I loved watching the drivers fight the cars in such difficult conditions, so often side-by-side into the braking zones. They looked the brave gladiators that they are but which is often hidden under a cloak of downforce, grip and electronics. A good reminder that the new 2017 rules should not pile downforce on, a big subject for another column. F1 needs tweaking, not reinventing. Check out Sochi and Austin for research material.
With so much immediate power and especially torque, these hybrid F1 cars can be spun around in a heartbeat, and so I truly appreciated the skills we saw at the weekend. The track was saturated and refused to fully dry which meant that the switch from inters to slicks just didn't work as normal for some time.
Even then residual moisture caught out Kimi Raikkonen and Daniil Kvyat, both of whom are under pressure from their team and team-mates to an extent.
I'm taken with Max Verstappen's arcing late braking moves as he dives for the apex early. It was very effective and thankfully didn't result in anyone turning in on him. He has the deftest touch on the brake pedal with little or no panicky lock-ups. Such a confidence for an 18-year-old, and his fourth place was fully deserved on a day when old heads should rule. He was truly competitive pace-wise too.
As was his team-mate Carlos Sainz. He's incident prone, needing some more control to go with that speed which will come, but it was a sterling drive once more from the back of the grid. Incredibly, Toro Rosso have one of the strongest driver pairings in F1 with two rookies.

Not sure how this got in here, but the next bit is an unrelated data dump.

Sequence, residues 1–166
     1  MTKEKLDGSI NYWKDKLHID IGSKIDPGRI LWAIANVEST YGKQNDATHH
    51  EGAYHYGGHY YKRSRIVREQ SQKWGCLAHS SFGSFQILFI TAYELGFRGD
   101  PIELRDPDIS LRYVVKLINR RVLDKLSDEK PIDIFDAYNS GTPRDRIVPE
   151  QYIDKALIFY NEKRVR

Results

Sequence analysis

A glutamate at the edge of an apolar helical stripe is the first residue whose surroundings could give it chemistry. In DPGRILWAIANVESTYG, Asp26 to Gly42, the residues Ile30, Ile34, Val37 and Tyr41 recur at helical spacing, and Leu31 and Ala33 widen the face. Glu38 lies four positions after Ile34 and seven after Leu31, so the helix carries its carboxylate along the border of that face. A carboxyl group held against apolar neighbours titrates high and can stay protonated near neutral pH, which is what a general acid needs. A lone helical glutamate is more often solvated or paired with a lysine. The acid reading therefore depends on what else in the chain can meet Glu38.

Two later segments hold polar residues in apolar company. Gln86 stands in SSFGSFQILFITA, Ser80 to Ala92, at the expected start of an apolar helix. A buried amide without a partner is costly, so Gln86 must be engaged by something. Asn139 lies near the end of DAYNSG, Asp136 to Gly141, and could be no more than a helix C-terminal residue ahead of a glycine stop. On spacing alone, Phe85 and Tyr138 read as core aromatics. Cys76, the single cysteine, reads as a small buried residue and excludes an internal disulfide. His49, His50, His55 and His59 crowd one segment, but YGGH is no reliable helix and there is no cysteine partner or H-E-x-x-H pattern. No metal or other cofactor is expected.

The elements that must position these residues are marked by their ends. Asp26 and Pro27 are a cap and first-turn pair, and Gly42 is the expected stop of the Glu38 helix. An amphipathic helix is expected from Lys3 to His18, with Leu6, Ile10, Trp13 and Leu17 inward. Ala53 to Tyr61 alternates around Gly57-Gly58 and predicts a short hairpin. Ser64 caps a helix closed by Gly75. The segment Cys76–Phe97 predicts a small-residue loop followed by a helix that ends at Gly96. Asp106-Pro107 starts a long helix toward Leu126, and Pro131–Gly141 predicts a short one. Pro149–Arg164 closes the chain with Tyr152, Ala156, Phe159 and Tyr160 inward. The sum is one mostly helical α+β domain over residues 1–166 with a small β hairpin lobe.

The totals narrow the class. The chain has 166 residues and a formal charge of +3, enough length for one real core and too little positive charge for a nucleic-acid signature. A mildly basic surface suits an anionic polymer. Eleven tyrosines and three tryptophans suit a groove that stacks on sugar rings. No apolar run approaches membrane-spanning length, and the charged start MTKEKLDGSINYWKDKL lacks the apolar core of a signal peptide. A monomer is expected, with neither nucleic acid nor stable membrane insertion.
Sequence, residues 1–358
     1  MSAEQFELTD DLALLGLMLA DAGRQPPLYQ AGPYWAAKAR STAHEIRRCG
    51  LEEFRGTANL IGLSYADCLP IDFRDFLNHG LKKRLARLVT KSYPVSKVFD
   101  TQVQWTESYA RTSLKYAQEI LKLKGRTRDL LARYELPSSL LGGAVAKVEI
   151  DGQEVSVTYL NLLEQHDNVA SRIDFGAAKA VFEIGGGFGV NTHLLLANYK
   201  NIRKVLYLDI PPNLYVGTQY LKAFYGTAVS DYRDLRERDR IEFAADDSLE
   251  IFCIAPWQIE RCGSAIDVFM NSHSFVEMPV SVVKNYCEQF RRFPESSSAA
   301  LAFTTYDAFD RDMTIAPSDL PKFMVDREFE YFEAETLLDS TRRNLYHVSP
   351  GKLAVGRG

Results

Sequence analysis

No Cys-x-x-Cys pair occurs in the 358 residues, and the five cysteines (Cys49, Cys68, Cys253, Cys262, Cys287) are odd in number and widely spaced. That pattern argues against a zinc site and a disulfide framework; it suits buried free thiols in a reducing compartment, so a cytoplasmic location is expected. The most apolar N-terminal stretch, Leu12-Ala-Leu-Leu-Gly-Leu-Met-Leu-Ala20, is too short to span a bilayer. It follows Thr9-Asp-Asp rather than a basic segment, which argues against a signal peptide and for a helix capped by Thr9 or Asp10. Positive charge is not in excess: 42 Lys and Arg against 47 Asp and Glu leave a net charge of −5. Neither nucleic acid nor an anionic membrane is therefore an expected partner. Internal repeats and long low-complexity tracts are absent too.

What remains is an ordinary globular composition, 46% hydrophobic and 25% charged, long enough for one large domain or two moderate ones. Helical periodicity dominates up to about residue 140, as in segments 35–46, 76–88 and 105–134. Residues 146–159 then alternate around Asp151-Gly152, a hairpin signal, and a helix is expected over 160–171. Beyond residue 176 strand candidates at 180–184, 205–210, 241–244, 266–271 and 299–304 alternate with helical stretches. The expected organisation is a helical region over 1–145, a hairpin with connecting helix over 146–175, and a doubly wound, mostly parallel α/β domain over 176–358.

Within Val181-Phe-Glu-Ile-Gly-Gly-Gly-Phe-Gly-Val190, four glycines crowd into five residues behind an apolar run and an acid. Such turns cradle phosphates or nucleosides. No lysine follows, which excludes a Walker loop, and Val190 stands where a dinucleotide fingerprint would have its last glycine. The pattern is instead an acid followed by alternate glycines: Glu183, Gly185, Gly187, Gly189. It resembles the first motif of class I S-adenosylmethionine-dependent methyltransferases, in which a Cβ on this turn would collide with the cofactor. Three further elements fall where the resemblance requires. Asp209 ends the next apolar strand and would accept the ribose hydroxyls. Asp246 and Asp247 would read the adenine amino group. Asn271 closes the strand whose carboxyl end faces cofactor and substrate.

It was good to have sight of the Jenson Button and Fernando Alonso we all know and miss getting stuck in to some real racing, although Alonso's willingness to park the car is alarming and telling.
Personally, I would have left Nico Hulkenberg's stranded Force India alone where he had quite sensibly parked it but all the other Virtual and actual Safety Cars were fully warranted. And in many ways they were the catalyst for so many changes of tempo and fortune in a great race.
In all the uncertainty and chaos we ended up with a Hamilton-Rosberg-Vettel podium for the fifth time this season. Sebastian was mighty again despite a 10-place grid drop. Please let Ferrari catch the Mercedes next year, we all need that to happen.
It's been an incredible year for Hamilton and very few if anybody in F1 begrudges him this impressive third title. His calm confidence and inner belief will keep growing and he has all the tools and time to win more championships.
Rosberg will surely know about Niki Lauda and Toto Wolf shaking their heads in unison and with a knowing look when he lit up his rear tyres and handed Hamilton the race lead. He needs to somehow ignore all that and show up as Nico Rosberg V2.0 very soon, which probably means handing Lewis the cap back more like Oddjob would have.
Talk to you from Mexico.
Don't miss Wednesday night's F1 Midweek Report for analysis of the US GP and all the latest talking points. Sir Patrick Head and Mark Gallagher join Natalie Pinkham in the studio at 8.30pm on Sky Sports F1.